Newsgroups: alt.lang.asm
Subject: Re: Multibyte opcodes: 8b 55, what's the 55 and how do you use the
ref?
Date: Wed, 1 Jan 2020 03:32:44 -0500
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On Tue, 31 Dec 2019 18:10:38 -0000 (UTC)
Veek M <veek@dont-use-this.com> wrote:

what's the '55' in
   8b 55 08  mov 0x8(%ebp),%edx  

I checked
   http://ref.x86asm.net/coder32.html#x0F8B

there's a
    8B r MOV r16/32 r/m16/32
but.. is he following Intel Syntax for naming operands? and there's
no mention of a multibyte opcode here?

Could someone suggest a good ref for both types of syntax.

Yes.


First, there are 3 basic types of syntax for x86 processor: Motorola,
Intel, and NASM.  Motorola syntax came from the 68000 series Motorola
processors.  IIRC, Motorola syntax is sometimes called AT&T syntax.

Motorola syntax assemblers:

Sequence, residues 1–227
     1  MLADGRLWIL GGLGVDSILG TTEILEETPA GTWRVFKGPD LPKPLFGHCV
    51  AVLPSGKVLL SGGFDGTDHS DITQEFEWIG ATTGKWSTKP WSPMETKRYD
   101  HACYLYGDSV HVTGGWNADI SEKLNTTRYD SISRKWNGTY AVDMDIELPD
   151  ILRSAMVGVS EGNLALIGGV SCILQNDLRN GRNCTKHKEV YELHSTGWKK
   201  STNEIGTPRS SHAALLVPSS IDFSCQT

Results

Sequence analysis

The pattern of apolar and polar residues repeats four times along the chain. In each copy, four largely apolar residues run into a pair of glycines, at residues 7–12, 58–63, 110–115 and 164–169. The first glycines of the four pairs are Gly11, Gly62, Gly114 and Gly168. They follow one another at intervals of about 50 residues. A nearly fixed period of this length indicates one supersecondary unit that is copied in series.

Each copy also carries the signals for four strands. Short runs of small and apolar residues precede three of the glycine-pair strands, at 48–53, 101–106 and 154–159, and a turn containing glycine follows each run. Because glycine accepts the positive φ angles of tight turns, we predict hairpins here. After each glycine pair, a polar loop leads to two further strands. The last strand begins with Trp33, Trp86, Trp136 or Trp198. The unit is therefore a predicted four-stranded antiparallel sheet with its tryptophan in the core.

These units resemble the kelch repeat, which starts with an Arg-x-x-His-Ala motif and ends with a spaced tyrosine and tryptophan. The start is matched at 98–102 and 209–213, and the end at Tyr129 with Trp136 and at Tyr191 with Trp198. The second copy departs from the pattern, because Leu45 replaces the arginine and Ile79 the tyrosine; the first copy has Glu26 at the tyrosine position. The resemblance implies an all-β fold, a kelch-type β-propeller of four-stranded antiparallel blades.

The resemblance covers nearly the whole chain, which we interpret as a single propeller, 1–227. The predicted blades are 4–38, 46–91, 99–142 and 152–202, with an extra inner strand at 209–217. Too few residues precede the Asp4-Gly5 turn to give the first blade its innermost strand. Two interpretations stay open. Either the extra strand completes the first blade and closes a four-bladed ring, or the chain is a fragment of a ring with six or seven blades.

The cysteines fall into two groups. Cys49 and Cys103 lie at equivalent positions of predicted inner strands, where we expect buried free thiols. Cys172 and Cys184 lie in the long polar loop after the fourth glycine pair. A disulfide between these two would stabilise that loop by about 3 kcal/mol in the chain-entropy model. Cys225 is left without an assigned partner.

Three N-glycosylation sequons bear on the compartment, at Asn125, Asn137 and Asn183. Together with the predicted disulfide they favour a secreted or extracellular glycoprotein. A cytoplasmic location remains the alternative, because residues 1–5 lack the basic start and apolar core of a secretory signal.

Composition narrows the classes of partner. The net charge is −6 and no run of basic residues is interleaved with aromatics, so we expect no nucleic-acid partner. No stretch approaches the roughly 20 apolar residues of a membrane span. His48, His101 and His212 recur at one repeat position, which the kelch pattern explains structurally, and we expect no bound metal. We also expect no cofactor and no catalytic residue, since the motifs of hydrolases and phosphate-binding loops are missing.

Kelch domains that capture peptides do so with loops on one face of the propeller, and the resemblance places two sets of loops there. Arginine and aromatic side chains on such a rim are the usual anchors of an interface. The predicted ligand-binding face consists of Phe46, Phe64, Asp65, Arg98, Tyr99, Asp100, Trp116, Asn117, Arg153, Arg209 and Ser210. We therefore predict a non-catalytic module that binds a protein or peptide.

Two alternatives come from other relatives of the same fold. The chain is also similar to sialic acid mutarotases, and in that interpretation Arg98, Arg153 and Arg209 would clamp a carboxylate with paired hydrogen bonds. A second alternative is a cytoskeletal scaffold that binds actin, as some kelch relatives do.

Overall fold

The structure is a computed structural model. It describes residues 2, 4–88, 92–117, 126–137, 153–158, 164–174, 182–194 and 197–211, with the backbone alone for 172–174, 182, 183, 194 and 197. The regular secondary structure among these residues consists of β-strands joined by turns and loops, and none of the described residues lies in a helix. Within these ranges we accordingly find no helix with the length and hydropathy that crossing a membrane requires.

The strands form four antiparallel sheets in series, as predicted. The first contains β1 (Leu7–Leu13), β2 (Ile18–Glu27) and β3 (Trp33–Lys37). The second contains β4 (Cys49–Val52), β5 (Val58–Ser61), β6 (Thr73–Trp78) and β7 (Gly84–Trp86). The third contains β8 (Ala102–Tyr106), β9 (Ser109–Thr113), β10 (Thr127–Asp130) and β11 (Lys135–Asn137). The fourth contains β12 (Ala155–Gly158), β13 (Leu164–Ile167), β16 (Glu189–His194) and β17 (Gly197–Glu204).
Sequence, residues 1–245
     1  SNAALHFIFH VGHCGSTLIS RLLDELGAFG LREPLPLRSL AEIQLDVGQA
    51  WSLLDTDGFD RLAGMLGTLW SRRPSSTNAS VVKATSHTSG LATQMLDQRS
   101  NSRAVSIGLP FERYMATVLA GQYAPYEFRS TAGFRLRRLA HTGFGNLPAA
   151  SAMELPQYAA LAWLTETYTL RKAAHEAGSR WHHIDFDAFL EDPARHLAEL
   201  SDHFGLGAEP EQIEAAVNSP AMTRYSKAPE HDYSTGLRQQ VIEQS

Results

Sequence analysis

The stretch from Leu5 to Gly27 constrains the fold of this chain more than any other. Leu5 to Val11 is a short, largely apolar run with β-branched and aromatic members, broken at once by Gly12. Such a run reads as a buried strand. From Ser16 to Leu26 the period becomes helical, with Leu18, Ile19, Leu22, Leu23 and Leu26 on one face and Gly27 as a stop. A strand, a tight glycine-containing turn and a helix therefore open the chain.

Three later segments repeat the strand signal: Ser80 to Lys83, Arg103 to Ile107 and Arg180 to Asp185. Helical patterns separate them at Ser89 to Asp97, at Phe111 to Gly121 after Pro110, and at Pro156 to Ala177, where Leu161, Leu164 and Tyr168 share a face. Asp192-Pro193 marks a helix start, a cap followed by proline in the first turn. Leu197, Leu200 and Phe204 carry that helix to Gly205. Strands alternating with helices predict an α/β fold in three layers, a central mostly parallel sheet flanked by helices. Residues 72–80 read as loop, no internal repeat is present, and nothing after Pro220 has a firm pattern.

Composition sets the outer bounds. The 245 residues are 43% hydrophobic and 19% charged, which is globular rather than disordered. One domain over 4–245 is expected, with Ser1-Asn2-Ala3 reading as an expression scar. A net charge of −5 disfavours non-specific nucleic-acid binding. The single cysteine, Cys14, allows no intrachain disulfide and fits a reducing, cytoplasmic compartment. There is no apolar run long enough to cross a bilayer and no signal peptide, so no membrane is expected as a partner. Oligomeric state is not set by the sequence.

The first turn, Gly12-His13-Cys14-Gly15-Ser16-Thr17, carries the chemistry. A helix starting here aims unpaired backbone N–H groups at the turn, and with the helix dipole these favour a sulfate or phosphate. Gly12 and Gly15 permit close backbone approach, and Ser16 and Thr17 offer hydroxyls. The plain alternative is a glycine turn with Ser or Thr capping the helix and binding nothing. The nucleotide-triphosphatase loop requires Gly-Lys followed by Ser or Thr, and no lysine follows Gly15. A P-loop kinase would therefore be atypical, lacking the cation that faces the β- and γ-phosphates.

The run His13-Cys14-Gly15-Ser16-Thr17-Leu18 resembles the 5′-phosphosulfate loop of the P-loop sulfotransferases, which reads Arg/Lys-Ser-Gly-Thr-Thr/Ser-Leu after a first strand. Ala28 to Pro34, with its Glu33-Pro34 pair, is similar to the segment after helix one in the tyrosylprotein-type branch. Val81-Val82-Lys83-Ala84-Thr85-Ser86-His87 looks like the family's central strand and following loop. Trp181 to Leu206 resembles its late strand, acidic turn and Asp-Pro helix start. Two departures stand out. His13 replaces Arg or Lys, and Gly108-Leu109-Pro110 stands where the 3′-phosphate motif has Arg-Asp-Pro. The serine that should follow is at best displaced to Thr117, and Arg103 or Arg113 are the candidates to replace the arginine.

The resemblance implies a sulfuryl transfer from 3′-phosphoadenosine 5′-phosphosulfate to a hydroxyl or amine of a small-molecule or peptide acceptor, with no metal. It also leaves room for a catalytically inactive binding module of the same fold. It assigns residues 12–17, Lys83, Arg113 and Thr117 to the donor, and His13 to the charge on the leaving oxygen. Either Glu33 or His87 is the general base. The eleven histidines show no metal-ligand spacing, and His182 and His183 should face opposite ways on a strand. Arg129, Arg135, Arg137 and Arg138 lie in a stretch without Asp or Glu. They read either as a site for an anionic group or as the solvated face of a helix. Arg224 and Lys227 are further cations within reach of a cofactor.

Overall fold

GNU GAS  (which is their assembly backend for their GCC C compiler)

Intel syntax assemblers:
Microsoft MASM
OpenWatcom WASM
Japheth's JWasm
GNU GAS  (with a .intel_syntax directive)

NASM syntax assemblers:
NASM
FASM


Second, you could have entered "gas syntax vs intel syntax" without
quotes into Google's search.  Four or so results on the first page look
good to me:

http://www.cs.cmu.edu/afs/cs/academic/class/15213-f01/docs/gas-notes.txt
https://en.wikibooks.org/wiki/X86_Assembly/GAS_Syntax
https://developer.ibm.com/articles/l-gas-nasm/
http://web.mit.edu/rhel-doc/3/rhel-as-en-3/i386-syntax.html

There appear to be a few more good results on the second page too.

Sometimes, you'll find some additional excellent results within later
result pages for Google's search, up to about page 20 or so, but it's
time consuming to go through that many results.


Rod Pemberton
--
"It's OK to be White." <-- investigated by FBI as a hate crime
"Black Lives Matter." <-- not being investigated ...